University of Pennsylvania students pair with visiting scholars to paint illustrations like those in centuries-old illuminated manuscripts.
In total, the boxes purchased contained 119 separate documents, 55 of which were written between 1308 and 1615.
An entry in a late sixteenth-century register has revealed that a ship known as “William” of Aberdeen made a voyage to “the new fund land” (Newfoundland) in 1596
The J. Paul Getty Museum is hosting a new exhibition starting this month that showcases the medieval word.
A medieval structure, believed to be the remains of one of the oldest whisky stills ever discovered, has been unearthed at Lindores Abbey.…
The Israeli Antiquities Authority has announced the discovery of a medieval treasure hoard, consisting of a small bronze pot holding 24 gold coins and a gold earring.
65 years ago Brian Hope-Taylor led an archaeological excavation of a motte-and-bailey castle in southwestern Scotland. The report on that research has just been published.
Archaeologists working along the River Thames in London have discovered the remains of a late-medieval man, still wearing thigh-high leather boots.
Commercial trade routes, including the fur trade routes, would have contributed to the rapid spread of the Black Death and other epidemics throughout Europe.
A new study has found ground-breaking evidence from an ice core in the Swiss-Italian Alps that proves the 7th century switch from gold to silver currencies in western Europe actually occurred a quarter of a century earlier than previously thought.
First digital map of the murders recorded by the city’s Coroner in early 1300s shows Cheapside and Cornhill were homicide ‘hot spots’, and Sundays held the highest risk of violent death for medieval Londoners.
Archaeologists from the University of Sheffield have uncovered a previously unknown Anglo-Saxon cemetery.
An international team of archaeologists has revealed new insights into the history of Rome following years of work under the Archbasilica of St John Lateran in Rome.
After spending years studying hundreds of fragments and then using both cutting-edge technology and ancient craft techniques, two reconstructions have been made of the magnificent helmet contained within the Staffordshire Hoard.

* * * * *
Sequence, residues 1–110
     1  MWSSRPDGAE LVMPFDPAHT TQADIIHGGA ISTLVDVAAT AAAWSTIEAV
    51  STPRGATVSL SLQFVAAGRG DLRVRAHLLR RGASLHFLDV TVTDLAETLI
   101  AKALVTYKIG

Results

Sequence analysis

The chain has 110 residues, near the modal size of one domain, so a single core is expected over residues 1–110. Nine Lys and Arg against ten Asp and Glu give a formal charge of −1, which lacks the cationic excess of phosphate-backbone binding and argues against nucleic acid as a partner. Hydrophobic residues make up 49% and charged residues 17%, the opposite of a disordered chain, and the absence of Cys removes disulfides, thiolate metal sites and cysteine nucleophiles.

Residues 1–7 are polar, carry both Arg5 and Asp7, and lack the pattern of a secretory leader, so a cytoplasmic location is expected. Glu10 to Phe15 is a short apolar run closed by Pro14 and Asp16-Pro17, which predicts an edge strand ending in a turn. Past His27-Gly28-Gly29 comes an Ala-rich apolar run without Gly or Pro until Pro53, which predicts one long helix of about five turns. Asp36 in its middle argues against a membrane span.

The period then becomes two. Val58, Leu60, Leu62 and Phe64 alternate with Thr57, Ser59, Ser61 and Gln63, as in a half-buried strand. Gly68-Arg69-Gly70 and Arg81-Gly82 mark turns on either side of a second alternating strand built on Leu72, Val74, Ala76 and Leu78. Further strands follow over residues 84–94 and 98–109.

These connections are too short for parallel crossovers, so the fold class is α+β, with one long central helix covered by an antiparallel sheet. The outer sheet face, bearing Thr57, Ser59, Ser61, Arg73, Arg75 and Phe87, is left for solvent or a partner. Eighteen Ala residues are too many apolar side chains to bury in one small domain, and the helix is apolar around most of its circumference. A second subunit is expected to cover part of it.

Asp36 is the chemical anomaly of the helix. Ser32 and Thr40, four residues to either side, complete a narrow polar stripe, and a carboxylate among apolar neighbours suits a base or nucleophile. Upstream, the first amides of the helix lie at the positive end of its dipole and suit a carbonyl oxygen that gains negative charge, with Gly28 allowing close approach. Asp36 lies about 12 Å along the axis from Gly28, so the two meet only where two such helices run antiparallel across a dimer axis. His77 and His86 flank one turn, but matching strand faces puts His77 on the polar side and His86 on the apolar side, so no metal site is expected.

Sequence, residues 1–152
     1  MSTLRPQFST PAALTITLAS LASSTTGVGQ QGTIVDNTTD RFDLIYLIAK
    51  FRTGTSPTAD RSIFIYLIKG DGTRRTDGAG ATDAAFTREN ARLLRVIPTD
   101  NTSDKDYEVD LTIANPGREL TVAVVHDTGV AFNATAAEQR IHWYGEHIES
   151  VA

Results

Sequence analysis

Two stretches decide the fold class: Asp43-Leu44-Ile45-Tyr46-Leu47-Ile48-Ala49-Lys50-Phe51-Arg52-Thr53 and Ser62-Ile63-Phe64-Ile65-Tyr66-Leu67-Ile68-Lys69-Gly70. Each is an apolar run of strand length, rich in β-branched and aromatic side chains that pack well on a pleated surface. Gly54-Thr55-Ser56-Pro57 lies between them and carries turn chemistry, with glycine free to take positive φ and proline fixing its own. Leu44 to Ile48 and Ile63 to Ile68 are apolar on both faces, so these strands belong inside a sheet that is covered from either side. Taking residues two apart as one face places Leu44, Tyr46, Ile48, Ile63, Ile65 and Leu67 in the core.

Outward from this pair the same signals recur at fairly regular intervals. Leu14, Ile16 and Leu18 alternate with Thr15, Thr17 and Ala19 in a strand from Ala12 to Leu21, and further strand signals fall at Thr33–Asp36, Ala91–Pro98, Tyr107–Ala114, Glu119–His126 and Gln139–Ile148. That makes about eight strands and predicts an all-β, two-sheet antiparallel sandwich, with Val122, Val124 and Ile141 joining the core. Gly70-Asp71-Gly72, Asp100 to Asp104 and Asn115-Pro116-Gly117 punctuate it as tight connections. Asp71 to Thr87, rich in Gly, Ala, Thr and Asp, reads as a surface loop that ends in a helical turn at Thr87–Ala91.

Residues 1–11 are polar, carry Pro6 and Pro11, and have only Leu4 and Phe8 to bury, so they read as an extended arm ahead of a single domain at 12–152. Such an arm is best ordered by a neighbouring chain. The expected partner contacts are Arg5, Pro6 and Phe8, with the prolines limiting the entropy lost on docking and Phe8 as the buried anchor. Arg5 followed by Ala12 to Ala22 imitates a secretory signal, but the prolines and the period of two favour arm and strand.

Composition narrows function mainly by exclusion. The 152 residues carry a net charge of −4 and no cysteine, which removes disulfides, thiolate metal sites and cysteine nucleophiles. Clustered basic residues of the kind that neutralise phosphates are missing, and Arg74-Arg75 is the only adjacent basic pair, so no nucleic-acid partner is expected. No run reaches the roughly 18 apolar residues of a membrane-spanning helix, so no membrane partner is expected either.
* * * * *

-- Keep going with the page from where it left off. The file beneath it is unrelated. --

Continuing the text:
Symes makes the case in the journal Speculum that the final “Great Domesday Book” came years and perhaps decades later than the 1087 date to which it’s attributed
When the Great Fire of London destroyed much of the city in 1666, one of the greatest losses was St. Paul’s Cathedral. A new project is now set to launch that will allow visitors to once again explore this medieval landmark in virtual form.
The Early Middle Ages, from the 5th to the 10th centuries, is often derided as the ‘Dark Ages’. But a new study suggests that the middle and lower classes were healthier than their descendants in later centuries – even as late as the 19th-century industrial age.
While the slave trade collapsed in medieval Western Europe following the emergence of sovereign monarchies, territorial states and their rule of law, the situation in Russia was very different.
A new online database that will make it easier for researchers to study Medieval Scandinavian literature was launched today.
The remains of a medieval skeleton has shown the first physical evidence that a fern plant could have been used for medicinal purposes in cases such as alopecia, dandruff and kidney stones
“Our dating reveals that the symbol system is likely to date from the third-fourth century AD and from an earlier period than many scholars had assumed.”
Connecting axes tend to be more important than centers: what is true of many contemporary networks is also the case for social and geographical links in antiquity and the Middle Ages.
German archaeologists exploring the remains of a town in Turkey have revealed how the city flourished about 1800 years ago, and then had a revival in the early Middle Ages.
It’s more than just 1,845 acre, with 17 farmsteads and a pub – Laxton is the last remaining example of a medieval Open Field System and Court Leet.